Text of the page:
Logourl black
From our private database of 13,300+ case briefs...

Zahn v. Transamerica Corporation

United States Court of Appeals for the Third Circuit
162 F.2d 36 (3d Cir. 1947)


Zahn (plaintiff) was a holder of Class A stock in Axton-Fisher Tobacco Company (Axton-Fisher). Axton-Fisher had stock in three categories, preferred stock, Class A stock, and Class B stock. In 1941, Transamerica Corporation (Transamerica) (defendant) began purchasing Class A and Class B stock in Axton-Fisher. The purchases gave Transamerica control of the business affairs of Axton-Fisher, including 80 percent of the outstanding Class B stock. Transamerica also elected the board of directors of Axton-Fisher, which was comprised in large part of officers or agents of Transamerica. Axton-Fisher’s principal asset was leaf tobacco, the value of which suddenly rose sharply in 1943, at which point Transamerica, knowing of the increased value, allegedly “conceived a plan to appropriate the value of the tobacco to itself by redeeming the Class A stock at the price of $60 a share plus accrued dividends...and thereafter, the redemption of the Class A stock being completed, to liquidate Axton-Fisher.” This resulted in Transamerica gaining most of the value of the tobacco for itself by virtue of its status as a Class B stockholder because the redemption precluded Class A stockholders from participating in the liquidation. According to Zahn, the Class A stockholders did not know of the increased value of the tobacco and Transamerica made sure not to inform them of the value during the process. Zahn brought suit against Transamerica—because Transamerica controlled Axton-Fisher at the time—for breach of its fiduciary duty of loyalty to the stockholders of Axton-Fisher. The District Court of the United States for the District of Delaware found in favor of Transamerica. Zahn appealed.

Rule of Law

The rule of law is the black letter law upon which the court rested its decision. To access this section, start your 7-day free trial of Quimbee for Law Students.


The issue section includes the dispositive legal issue in the case phrased as a question. To access this section, start your 7-day free trial of Quimbee for Law Students.

Holding and Reasoning (Biggs, J.)

The holding and reasoning section includes:

  • A “yes” or “no” answer to the question framed in the issue section;
  • A summary of the majority or plurality opinion, using the CREAC method; and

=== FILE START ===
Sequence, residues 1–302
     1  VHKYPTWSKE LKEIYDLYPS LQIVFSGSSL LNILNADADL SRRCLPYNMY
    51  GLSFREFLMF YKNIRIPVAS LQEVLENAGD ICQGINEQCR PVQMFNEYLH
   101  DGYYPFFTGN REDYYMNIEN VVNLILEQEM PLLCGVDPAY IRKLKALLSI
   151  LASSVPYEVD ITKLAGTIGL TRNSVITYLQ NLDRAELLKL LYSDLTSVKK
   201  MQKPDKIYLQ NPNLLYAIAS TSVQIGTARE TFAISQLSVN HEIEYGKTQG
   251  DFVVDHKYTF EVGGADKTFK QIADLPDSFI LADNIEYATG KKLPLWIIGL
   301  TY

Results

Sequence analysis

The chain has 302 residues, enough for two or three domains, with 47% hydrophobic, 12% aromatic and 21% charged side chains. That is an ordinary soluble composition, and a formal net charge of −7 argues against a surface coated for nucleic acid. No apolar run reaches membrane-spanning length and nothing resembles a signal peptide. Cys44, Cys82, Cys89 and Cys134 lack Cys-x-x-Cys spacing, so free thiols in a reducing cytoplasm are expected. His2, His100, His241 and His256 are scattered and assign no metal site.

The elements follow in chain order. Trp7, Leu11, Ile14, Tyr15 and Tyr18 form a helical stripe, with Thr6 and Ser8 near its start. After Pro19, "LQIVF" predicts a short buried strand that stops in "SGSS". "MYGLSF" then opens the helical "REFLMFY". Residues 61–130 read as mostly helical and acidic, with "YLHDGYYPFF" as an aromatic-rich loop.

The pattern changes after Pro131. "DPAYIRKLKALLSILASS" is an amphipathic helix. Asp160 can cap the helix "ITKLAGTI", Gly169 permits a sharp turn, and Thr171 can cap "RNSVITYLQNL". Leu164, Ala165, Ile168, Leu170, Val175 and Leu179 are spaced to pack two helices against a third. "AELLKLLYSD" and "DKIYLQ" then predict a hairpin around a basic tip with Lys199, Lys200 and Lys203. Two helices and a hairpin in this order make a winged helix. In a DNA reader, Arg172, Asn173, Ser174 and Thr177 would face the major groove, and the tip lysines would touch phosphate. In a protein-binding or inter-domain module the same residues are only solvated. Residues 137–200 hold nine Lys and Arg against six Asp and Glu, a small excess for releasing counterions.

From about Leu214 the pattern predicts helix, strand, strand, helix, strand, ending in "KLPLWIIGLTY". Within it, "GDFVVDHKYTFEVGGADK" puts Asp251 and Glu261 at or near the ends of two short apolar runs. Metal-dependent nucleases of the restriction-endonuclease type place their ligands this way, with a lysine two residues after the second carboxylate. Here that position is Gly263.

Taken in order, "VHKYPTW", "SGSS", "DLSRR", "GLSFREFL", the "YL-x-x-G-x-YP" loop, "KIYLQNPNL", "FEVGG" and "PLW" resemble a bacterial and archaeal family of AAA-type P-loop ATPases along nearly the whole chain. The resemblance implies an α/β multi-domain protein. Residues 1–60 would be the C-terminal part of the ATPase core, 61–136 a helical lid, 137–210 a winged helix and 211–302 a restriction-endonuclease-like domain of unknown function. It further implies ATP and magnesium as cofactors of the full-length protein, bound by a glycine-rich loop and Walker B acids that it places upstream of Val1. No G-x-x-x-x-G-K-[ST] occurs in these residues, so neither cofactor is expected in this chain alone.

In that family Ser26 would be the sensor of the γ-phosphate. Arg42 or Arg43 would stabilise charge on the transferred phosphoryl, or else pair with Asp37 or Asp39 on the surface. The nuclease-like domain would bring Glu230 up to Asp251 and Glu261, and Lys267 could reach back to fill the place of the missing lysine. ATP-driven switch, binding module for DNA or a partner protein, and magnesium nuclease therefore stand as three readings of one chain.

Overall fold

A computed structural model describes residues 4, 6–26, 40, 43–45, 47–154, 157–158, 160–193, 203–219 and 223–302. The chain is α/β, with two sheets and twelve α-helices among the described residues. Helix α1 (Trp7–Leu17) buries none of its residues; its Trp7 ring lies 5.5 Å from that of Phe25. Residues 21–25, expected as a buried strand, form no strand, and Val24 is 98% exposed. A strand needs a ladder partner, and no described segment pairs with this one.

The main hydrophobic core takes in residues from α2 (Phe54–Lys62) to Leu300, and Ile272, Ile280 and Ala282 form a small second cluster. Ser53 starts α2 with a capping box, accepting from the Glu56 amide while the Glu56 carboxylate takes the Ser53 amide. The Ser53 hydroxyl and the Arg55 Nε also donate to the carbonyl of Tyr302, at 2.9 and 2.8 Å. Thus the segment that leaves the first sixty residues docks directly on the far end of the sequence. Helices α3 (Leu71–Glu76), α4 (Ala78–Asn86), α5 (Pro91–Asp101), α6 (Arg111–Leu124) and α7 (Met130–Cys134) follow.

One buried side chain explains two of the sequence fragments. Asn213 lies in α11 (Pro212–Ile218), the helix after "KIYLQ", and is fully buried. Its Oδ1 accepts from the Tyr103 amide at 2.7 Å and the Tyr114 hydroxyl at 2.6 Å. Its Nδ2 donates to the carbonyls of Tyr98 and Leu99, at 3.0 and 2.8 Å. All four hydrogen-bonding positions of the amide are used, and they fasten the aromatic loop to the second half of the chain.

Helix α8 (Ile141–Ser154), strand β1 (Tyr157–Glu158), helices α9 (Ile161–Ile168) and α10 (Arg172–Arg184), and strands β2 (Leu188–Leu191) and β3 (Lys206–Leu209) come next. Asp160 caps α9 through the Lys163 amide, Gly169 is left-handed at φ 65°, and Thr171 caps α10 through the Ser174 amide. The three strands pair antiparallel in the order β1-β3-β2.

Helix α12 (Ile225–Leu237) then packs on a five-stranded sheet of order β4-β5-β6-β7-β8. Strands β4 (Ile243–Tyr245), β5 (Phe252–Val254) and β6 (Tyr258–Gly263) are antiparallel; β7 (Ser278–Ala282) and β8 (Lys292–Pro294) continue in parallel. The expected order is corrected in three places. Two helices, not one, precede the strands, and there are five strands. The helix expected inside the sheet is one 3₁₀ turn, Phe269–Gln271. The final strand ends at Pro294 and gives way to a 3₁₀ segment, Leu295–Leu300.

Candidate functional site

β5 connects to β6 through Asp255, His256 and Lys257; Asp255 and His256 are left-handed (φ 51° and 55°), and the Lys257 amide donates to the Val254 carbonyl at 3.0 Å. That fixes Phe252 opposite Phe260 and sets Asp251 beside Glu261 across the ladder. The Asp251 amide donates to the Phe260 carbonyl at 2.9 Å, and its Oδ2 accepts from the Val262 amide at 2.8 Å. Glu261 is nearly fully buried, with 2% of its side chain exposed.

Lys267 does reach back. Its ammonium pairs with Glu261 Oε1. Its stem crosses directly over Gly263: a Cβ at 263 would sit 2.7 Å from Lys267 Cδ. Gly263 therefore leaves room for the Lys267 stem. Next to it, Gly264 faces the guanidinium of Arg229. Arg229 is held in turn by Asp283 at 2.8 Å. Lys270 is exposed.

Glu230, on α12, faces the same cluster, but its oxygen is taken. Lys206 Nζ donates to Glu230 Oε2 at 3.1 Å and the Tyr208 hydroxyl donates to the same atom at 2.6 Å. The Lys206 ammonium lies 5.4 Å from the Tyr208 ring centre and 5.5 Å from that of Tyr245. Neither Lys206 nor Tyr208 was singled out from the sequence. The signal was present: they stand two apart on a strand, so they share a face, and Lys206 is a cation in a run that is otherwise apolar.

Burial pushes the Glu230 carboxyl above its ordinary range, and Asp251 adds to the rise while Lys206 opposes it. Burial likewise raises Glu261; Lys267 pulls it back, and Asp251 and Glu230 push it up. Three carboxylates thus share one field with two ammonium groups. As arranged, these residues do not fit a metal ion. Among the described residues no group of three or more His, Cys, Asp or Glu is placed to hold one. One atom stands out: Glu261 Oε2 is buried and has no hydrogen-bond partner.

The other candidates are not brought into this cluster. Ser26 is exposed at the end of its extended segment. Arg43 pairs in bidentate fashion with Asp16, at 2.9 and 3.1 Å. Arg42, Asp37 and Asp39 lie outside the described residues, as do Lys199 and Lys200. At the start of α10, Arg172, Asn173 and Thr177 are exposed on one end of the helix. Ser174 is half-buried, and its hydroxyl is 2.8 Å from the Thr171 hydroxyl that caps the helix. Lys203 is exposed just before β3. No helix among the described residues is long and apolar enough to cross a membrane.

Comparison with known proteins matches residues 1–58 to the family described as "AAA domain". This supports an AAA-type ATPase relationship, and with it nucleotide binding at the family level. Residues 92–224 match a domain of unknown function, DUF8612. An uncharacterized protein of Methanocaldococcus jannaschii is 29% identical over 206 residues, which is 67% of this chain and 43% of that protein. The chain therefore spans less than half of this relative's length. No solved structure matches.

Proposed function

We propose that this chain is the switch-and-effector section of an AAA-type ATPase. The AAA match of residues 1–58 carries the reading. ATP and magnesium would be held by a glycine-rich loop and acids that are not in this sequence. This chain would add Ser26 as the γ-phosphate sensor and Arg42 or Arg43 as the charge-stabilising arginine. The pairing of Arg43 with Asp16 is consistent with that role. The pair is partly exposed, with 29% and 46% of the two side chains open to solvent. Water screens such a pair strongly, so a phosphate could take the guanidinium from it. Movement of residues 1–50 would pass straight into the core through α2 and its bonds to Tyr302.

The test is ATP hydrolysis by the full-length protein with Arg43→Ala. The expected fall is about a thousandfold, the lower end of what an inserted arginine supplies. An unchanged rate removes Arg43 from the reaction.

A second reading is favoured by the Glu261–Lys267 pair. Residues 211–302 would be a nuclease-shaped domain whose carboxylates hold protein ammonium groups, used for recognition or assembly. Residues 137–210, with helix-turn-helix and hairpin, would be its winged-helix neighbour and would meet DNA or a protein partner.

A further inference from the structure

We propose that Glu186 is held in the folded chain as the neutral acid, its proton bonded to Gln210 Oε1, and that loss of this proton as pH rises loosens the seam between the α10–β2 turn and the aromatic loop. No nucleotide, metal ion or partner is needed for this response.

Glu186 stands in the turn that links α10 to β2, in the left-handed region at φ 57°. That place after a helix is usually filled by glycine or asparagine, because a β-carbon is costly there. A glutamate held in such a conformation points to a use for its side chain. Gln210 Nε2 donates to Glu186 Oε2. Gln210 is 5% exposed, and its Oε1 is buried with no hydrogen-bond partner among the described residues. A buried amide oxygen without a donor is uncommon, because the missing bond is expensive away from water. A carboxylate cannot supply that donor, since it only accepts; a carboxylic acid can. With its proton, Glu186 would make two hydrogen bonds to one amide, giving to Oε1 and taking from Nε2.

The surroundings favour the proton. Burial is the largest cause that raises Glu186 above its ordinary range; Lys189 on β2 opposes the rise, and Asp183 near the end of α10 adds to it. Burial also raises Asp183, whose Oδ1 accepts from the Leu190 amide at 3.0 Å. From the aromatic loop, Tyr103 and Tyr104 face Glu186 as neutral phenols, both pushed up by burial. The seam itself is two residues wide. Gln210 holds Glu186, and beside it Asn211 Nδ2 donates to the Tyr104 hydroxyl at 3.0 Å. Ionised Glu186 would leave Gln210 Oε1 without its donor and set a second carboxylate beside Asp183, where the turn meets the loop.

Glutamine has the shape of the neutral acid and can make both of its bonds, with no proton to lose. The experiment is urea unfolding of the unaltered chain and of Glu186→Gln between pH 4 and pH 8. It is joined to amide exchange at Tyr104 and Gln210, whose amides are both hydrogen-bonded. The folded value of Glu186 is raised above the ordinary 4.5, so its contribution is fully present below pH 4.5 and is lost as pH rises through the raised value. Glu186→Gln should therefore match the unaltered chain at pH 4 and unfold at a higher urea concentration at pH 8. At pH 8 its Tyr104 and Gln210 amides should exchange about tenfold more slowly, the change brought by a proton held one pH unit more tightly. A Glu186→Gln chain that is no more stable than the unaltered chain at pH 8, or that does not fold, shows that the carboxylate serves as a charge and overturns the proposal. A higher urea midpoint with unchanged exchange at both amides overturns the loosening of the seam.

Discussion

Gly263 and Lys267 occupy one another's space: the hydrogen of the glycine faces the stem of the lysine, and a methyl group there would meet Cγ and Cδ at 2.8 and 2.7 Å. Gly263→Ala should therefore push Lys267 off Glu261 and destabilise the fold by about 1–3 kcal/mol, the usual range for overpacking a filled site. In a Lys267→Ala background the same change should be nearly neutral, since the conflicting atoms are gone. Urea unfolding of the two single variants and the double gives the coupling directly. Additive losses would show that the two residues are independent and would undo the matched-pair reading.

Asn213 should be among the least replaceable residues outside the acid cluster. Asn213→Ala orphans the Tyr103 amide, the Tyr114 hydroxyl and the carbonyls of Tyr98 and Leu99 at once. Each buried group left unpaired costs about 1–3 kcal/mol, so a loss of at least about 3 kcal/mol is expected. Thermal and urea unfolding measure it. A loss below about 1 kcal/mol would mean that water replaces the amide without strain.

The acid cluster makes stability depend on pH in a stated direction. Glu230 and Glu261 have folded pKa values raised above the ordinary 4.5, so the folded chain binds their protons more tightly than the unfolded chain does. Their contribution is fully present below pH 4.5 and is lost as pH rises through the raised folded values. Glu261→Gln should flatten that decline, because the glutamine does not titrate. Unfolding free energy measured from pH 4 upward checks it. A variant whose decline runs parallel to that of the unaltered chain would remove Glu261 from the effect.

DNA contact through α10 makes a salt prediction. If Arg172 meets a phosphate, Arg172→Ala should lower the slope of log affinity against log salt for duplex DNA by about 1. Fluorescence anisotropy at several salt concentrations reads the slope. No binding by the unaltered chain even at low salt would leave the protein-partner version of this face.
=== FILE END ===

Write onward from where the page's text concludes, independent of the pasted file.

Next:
• The procedural disposition (e.g. reversed and remanded, affirmed, etc.).

To access this section, start your 7-day free trial of Quimbee for Law Students.

What to do next…

  1. Unlock this case brief with a free (no-commitment) trial membership of Quimbee.

    You’ll be in good company: Quimbee is one of the most widely used and trusted sites for law students, serving more than 97,000 law students since 2011. Some law schools—such as Yale, Vanderbilt, Berkeley, and the University of Illinois—even subscribe directly to Quimbee for all their law students. Read our student testimonials.

  2. Learn more about Quimbee’s unique (and proven) approach to achieving great grades at law school.

    Quimbee is a company hell-bent on one thing: helping you get an “A” in every course you take in law school, so you can graduate at the top of your class and get a high-paying law job. We’re not just a study aid for law students; we’re the study aid for law students. Read more about Quimbee.

Here's why 140,000 law students have relied on our case briefs:

  • Written by law professors and practitioners, not other law students. 13,300 briefs, keyed to 182 casebooks. Top-notch customer support.
  • The right amount of information, includes the facts, issues, rule of law, holding and reasoning, and any concurrences and dissents.
  • Access in your classes, works on your mobile and tablet. Massive library of related video lessons and high quality multiple-choice questions.
  • Easy to use, uniform format for every case brief. Written in plain English, not in legalese. Our briefs summarize and simplify; they don’t just repeat the court’s language.